We create ontologies that describe our collections, events and editorial content as a unified graph of linked data. By using domain modelling and thinking about data as a semantic graph of typed entities and relationships, it helps us to create more richly linked digital experiences that aid exploration and discovery.

The ontologies are documented using OWL. We think that this is the best way to formally describe a complex domain model, as it makes the semantics of our data self-documenting and widely shareable.

However, it is worth noting that although we use OWL to document the ontologies, we don’t actually store or process any data as RDF. Our APIs do provide a JSON-LD context, which can be used to transform the data to an RDF model if required, but we consider them JSON-first.

These pages gives an overview of each ontology. You can find the OWL representations on GitHub.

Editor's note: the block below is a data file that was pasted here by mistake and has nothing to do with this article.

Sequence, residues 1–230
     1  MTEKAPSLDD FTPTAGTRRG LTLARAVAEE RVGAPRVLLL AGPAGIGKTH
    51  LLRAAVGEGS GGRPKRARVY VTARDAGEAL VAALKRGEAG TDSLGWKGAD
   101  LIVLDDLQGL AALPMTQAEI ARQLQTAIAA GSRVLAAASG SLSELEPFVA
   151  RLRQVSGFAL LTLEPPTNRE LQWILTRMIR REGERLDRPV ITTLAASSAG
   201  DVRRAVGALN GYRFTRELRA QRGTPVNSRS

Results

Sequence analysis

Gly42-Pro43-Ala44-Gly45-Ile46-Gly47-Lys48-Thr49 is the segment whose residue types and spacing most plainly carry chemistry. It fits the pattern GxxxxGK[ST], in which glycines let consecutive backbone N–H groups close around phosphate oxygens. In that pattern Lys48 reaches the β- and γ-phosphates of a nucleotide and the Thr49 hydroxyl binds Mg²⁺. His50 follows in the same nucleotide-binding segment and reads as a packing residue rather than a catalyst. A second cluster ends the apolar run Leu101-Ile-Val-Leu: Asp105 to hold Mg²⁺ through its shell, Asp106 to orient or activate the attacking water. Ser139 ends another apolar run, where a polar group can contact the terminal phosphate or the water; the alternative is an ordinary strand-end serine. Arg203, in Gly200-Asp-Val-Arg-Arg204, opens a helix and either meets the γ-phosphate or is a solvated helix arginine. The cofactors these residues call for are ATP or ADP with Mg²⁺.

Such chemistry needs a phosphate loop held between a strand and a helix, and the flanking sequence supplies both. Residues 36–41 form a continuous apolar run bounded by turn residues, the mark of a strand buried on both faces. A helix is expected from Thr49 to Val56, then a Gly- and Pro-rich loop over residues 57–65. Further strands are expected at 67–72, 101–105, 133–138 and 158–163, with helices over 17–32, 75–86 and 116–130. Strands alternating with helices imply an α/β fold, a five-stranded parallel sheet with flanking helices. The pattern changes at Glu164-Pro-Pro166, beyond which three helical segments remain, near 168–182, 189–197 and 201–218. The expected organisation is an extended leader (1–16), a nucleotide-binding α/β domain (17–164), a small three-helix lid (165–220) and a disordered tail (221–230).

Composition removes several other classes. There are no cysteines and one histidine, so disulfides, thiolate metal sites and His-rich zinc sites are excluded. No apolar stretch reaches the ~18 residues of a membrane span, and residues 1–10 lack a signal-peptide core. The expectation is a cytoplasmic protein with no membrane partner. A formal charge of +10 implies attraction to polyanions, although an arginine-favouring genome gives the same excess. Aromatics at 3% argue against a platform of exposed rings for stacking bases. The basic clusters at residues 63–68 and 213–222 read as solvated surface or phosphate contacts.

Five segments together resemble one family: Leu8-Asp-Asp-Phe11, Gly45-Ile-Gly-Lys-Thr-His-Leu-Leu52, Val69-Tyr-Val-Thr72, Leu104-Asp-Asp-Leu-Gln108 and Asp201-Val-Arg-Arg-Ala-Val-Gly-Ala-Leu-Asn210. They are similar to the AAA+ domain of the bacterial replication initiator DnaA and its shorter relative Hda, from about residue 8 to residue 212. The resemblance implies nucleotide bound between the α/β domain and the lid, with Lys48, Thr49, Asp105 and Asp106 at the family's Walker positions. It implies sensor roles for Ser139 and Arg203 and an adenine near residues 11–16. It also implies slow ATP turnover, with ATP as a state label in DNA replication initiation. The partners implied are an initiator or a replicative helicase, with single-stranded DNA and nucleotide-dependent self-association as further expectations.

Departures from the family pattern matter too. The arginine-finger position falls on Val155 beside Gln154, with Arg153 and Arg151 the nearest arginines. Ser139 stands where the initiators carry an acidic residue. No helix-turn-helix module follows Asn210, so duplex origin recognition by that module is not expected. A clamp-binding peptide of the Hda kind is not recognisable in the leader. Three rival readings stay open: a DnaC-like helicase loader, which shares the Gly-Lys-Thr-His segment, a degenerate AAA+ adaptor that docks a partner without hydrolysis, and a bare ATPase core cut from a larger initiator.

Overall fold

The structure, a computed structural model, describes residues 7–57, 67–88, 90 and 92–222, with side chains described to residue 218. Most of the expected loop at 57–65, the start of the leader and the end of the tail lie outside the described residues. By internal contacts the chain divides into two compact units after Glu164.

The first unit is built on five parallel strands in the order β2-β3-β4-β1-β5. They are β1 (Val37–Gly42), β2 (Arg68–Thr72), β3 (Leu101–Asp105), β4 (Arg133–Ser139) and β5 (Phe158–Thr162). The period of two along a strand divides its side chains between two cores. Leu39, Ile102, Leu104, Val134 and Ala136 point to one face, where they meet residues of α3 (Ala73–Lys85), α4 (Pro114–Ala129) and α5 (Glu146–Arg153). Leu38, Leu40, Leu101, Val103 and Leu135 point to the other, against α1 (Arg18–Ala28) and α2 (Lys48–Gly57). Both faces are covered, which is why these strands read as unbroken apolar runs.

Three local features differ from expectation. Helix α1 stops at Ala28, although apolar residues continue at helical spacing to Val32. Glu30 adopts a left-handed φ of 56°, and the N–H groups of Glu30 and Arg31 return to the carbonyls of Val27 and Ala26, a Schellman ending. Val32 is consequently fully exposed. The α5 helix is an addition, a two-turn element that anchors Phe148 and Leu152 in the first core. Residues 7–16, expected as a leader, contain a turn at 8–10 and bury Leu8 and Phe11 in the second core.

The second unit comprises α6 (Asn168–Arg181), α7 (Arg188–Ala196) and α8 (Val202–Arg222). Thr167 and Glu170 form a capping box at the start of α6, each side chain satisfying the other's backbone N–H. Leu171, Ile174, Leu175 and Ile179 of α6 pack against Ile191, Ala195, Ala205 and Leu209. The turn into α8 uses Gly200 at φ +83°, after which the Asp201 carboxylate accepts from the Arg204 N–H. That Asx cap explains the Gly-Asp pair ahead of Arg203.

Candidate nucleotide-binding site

Ontology Description OWL
Work Describes library and archive works, including their physical items and relationships work.ttl
Agency Describes people, organisations and their relationships agency.ttl
Concept Describes concepts, their classification and relationships concept.ttl
Location Describes how museum and library items can be accessed location.ttl
Article Describes editorial articles and their relationships article.ttl
Event Describes museum and library events, exhibitions and installations event.ttl
Core Describes common and non-domain specific classses and properties used across our ontologies core.ttl